Food for Thought Series: What a Menu Can Teach About Art

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We usually think of menus in purely functional terms, right? It is a sort of small booklet one gets in a restaurant that lists the possible foods we could order. Ocean liner menus, however, strive to be more than just functional; they are part of a whole vacation experience and therefore play more than just a purely functional role on a cruise. These menus must enhance the guests’ experiences on the voyage and impress them (as presumably the rest of the cruise does). Ocean liner menus are, in effect, part of the “whole package.” Because of this, ocean liner menus, especially older ones, were decorated, aesthetically pleasing pieces of art, as well as menus. The menus in the Beazley Collection exemplify this idea with their often colorful designs:

This menu cover, for example, from the ocean liner Bremen (1929-1939), is like a work of art unto itself. Can these menus then function as more than just utilitarian objects that showcase food? Yes, they can and did. The menu covers often offered the viewer valuable insight into a society’s cultural or aesthetic values.

Consider, for example, this menu from the Columbus, from a German-based cruise ship company:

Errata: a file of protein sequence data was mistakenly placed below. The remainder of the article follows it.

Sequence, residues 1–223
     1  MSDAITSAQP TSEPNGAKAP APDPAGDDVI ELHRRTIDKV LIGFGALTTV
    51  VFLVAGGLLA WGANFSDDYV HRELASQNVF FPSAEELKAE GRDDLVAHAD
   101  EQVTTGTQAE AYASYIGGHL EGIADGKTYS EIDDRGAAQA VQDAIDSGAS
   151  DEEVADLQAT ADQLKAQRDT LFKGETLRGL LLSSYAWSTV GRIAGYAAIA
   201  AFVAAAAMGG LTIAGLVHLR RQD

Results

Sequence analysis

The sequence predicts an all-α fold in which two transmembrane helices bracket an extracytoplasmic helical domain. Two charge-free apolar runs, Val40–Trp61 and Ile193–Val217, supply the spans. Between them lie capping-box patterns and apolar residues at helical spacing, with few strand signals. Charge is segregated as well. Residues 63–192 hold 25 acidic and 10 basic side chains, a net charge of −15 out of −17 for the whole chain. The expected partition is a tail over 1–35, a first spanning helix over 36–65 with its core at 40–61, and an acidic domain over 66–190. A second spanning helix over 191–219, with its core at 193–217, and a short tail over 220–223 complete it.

The art on this cover is reminiscent of German art of the time (mid-20th century)  called Plakatstil (or “Poster Style). This style of art emerged in Germany in the early 20th century and was mainly used for advertising. The below poster designed by Lucian Bernhard in 1905 for Priester matches is a classic example.

Using flat, bold colors and easy to read fonts, Plakatstil was a reaction to the preceding Art Nouveau style, which had favored complex decorative designs. The simplicity of Plakatstil posters meant that they were easy for the customer to read and understand. Soon, however, posters in this style were being created not only for advertising but as individual art pieces as well. This menu cover is a perfect example of this. Utilizing the classical tenants of the Plakatstil style (simplified shapes and objects, a simple central image, eye-catching colors), this menu transcends its utilitarian purpose and becomes, arguably, a piece of art. In this way, ocean liner menus in the Beazley Collection (and beyond) do more than just teach us about what people ate on their trips; they educate us about the arts of different cultures and times as well.

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